Friday, January 11, 2013

Group Running

I can't help but to put something on "paper".  I know that I'm not the fastest, most well liked or at all of the events anymore, but something needs to be said about the Thursday Nights in the City Run - and group runs in general.

(To me) the reasons we go to these group runs are to make each other better, catch up with each other and be motivated to get our butts off the couch.  From what I've seen on these Thursday night runs I can't help but shake my head - and last night it came to a breaking point.  It's getting to the point where it is no longer fun, we are not making each other better and most importantly someone is going to get hurt!

On a run like the Thursday Night in the City, we have set parameters: 7 minute pace, a course, GROUP run.  From this I take away: A) Run 7 minute pace (not a Fed Hill Runners 7 min pace), B) Don't lead the run if you don't know the course C) Talk.

On Thursday Nights we are going to run 7 minute pace.  I know I'm not in outstanding shape right now, but I can dial into 7 minutes pretty easily.  There is no reason to go breaking away from the GROUP.  We are out there together.  You won't receive a gold star for running 6:30 pace.

If you don't know the course don't lead it.  It's not safe and is very frustrating.  You aren't going to win a medal or score points with (most) dudes or ladies for being out front on a group run.  Swallow your pride and tuck in.  I personally am not a huge fan of leading runs all the time, but it came a point yesterday where there was no option.  On the subject of leading the run...if you are in front and crossing an intersection factor in the number of people that you have in the pack and determine if the ENTIRE pack can SAFELY cross the road.  When in doubt don't cross the road.  Also, when possible run on the sidewalk.  When going up Ellwood take up as little of the road as possible.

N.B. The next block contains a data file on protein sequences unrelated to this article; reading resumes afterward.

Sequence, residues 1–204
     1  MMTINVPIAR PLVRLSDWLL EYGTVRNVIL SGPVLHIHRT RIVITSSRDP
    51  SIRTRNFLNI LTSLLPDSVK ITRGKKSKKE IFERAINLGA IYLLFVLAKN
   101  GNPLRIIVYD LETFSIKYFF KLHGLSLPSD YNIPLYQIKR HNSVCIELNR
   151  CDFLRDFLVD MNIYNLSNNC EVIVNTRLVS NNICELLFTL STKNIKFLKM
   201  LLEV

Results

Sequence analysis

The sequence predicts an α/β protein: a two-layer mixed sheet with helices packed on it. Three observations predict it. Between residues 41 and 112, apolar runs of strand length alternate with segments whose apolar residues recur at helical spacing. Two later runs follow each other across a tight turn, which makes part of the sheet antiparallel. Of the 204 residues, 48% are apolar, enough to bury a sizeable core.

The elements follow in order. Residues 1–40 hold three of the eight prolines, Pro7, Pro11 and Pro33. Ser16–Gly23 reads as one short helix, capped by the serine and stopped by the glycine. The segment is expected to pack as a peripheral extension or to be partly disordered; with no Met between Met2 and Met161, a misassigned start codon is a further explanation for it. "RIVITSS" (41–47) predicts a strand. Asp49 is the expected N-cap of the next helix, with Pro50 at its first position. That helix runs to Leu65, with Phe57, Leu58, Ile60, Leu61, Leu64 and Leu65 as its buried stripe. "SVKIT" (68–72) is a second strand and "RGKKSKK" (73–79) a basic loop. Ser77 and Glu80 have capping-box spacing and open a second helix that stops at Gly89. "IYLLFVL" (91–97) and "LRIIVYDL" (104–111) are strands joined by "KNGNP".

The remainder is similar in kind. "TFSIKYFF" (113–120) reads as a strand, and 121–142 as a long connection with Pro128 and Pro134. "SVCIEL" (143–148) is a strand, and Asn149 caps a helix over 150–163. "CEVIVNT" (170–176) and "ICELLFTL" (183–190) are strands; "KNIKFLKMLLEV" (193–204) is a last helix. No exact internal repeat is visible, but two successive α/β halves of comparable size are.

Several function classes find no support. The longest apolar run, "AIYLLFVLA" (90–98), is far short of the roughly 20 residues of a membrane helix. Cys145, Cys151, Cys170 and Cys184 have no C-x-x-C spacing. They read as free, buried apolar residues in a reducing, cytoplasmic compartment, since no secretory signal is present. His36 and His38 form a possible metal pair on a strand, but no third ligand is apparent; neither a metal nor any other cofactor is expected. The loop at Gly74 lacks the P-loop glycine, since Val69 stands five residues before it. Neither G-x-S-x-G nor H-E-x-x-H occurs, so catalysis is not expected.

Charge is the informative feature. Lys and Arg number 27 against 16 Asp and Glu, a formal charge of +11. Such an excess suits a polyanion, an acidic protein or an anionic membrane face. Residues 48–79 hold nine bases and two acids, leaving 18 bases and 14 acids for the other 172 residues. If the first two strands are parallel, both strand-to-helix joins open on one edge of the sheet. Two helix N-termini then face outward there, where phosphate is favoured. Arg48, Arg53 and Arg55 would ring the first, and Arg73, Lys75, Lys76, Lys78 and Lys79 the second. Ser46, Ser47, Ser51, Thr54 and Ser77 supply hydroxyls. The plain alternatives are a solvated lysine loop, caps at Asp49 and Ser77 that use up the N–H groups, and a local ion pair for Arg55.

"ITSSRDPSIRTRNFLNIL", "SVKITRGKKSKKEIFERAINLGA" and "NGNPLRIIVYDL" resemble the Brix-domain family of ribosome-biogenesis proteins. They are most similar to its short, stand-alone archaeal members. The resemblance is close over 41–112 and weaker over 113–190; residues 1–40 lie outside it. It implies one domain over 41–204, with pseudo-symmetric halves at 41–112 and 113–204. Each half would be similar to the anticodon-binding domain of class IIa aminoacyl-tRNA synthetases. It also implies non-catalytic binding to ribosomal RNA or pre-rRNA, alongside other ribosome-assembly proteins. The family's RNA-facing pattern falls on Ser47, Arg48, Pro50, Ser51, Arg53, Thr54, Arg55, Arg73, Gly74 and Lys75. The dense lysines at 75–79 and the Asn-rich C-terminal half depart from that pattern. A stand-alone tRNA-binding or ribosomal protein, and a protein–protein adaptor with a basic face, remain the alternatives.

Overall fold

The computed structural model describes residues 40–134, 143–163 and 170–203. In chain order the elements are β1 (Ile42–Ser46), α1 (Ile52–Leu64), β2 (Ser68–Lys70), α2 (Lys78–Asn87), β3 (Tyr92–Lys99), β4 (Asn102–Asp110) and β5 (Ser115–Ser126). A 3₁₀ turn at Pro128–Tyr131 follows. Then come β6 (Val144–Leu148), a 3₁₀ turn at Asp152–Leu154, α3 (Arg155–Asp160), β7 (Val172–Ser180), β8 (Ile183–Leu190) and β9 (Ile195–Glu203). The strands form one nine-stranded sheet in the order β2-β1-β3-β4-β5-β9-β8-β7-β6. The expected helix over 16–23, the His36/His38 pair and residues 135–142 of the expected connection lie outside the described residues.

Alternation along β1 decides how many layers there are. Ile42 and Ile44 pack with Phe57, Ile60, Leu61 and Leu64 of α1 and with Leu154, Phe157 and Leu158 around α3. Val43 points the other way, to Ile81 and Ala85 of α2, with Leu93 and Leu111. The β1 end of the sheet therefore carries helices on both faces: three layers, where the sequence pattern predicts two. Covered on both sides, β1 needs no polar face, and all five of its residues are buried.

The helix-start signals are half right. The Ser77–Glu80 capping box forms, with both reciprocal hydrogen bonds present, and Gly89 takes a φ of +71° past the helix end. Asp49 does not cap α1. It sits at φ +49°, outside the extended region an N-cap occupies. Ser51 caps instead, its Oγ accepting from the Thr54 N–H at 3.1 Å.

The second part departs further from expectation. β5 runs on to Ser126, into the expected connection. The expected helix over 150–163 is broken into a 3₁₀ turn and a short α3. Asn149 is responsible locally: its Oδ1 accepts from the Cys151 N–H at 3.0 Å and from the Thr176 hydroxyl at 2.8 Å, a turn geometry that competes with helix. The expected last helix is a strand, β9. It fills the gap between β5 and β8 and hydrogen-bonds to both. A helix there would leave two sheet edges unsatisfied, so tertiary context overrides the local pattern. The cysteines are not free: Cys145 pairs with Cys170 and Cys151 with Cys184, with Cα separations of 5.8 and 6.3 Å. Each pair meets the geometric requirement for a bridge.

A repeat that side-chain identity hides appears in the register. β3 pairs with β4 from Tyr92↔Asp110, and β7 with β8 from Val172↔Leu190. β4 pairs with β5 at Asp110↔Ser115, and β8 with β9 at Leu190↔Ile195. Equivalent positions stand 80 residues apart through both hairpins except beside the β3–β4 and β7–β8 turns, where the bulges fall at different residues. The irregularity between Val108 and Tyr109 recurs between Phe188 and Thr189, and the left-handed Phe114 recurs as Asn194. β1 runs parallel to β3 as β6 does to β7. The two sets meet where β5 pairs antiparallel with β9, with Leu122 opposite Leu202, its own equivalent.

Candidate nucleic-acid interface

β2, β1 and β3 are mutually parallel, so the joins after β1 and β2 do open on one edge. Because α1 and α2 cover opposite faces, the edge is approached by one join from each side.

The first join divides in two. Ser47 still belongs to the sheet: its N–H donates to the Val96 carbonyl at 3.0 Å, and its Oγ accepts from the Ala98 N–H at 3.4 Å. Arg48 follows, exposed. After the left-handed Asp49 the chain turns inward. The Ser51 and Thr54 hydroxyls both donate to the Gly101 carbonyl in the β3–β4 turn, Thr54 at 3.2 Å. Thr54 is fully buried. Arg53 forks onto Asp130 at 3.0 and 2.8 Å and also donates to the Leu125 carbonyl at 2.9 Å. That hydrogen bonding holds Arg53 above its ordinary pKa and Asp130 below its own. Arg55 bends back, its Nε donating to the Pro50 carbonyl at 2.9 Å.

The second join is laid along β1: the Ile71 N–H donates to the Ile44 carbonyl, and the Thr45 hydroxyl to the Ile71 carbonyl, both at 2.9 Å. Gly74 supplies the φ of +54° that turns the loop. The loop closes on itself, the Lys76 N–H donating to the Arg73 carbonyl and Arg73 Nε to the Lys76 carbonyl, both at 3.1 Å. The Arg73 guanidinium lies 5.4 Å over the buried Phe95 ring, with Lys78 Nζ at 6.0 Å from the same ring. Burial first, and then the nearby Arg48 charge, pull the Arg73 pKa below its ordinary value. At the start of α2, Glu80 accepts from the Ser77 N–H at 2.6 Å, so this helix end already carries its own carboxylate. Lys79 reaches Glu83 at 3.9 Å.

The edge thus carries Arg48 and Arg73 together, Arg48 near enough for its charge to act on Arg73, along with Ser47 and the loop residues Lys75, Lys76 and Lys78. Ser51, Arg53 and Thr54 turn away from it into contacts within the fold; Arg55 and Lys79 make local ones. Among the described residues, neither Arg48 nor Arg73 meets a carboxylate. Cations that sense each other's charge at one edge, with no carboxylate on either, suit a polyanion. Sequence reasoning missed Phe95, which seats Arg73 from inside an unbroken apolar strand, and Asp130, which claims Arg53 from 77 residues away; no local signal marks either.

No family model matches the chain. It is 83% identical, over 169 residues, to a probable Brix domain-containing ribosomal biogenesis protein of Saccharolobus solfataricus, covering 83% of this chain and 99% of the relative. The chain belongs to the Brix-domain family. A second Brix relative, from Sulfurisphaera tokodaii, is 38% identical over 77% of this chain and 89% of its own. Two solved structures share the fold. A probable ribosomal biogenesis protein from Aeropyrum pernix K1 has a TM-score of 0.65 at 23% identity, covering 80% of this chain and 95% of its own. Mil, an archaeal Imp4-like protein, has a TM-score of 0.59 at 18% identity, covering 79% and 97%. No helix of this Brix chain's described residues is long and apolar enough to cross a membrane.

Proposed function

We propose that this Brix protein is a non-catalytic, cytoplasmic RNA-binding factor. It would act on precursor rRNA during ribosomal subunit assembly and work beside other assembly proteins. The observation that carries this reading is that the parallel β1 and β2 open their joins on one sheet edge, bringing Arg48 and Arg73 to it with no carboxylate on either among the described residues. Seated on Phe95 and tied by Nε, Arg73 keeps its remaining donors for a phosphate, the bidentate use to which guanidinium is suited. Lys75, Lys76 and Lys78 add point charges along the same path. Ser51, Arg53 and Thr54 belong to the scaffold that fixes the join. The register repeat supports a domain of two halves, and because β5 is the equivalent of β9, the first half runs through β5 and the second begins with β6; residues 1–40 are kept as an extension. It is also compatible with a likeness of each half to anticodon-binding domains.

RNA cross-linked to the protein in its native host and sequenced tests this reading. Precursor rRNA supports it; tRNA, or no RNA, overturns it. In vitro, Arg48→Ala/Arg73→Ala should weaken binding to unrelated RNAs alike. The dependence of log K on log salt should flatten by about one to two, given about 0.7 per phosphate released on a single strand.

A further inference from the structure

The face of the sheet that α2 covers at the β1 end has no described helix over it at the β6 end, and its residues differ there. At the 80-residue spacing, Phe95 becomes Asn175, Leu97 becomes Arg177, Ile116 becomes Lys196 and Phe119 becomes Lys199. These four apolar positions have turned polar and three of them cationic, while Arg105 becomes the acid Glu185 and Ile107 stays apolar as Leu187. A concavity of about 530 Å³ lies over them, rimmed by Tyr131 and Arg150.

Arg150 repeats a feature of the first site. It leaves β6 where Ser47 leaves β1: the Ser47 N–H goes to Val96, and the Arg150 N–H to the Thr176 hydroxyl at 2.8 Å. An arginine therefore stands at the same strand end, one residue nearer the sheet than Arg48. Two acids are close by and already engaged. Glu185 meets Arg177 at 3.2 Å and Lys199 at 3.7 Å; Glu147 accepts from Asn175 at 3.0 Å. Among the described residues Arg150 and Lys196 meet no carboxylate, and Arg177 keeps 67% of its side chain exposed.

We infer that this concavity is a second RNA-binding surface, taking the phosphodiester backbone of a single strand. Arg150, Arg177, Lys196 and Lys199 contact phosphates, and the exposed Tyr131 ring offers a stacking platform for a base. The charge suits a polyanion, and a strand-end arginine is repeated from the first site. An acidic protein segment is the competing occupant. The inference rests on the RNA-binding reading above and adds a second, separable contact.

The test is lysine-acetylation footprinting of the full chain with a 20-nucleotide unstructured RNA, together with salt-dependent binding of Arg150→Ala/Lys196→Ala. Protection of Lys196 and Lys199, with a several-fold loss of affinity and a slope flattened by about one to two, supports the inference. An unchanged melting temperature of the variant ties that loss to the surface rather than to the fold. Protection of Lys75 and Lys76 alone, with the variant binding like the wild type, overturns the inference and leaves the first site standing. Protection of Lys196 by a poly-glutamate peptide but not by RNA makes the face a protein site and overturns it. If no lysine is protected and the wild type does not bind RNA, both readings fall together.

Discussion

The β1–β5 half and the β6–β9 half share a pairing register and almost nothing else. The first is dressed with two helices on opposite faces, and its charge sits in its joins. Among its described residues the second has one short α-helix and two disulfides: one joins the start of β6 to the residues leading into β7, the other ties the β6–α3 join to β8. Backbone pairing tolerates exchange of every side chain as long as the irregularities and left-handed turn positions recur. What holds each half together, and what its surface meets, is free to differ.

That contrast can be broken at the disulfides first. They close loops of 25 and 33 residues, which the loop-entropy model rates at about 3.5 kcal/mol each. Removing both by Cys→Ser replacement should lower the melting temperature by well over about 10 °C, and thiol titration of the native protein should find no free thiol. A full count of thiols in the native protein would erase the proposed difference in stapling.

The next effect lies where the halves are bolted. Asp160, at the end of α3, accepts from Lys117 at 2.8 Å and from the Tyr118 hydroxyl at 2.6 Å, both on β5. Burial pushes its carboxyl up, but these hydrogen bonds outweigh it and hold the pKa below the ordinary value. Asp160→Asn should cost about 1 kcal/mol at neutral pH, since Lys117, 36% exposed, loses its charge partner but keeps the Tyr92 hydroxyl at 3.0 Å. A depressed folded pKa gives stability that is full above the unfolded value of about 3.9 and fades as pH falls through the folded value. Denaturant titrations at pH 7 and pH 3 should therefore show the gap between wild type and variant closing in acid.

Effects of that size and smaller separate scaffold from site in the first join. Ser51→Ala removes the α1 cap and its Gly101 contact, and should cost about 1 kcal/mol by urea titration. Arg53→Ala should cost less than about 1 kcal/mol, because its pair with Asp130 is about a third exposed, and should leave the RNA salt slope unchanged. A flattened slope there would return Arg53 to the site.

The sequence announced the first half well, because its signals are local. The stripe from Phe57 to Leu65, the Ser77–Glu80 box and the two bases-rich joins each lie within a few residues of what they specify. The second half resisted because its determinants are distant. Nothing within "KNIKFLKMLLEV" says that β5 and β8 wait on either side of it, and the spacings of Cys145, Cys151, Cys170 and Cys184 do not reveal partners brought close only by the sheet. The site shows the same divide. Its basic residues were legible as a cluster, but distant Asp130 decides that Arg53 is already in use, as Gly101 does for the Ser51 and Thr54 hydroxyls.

I understand that sometimes the weather conditions make it difficult to be talking...and someone may be having a crappy day...and you may not like everyone.  But my goodness, to go miles with a group of 10+ people at a comfortable pace and people saying nothing: I'd rather just run by myself!!  And on the subject of talking...COMMUNICATE: if you are departing from the group (when "leading") give folks a heads up so that you don't have half the group follow you creating a cluster f&c+ at a busy intersection.  Also, give the group a heads up when a car is turning, a dog is coming, a runner is passing, etc.  Common running group sense - which has not been there!



I don't write this discourage folks from showing up, but I need to put it out there with the hopes of making it more fun for all and most importantly SAFE.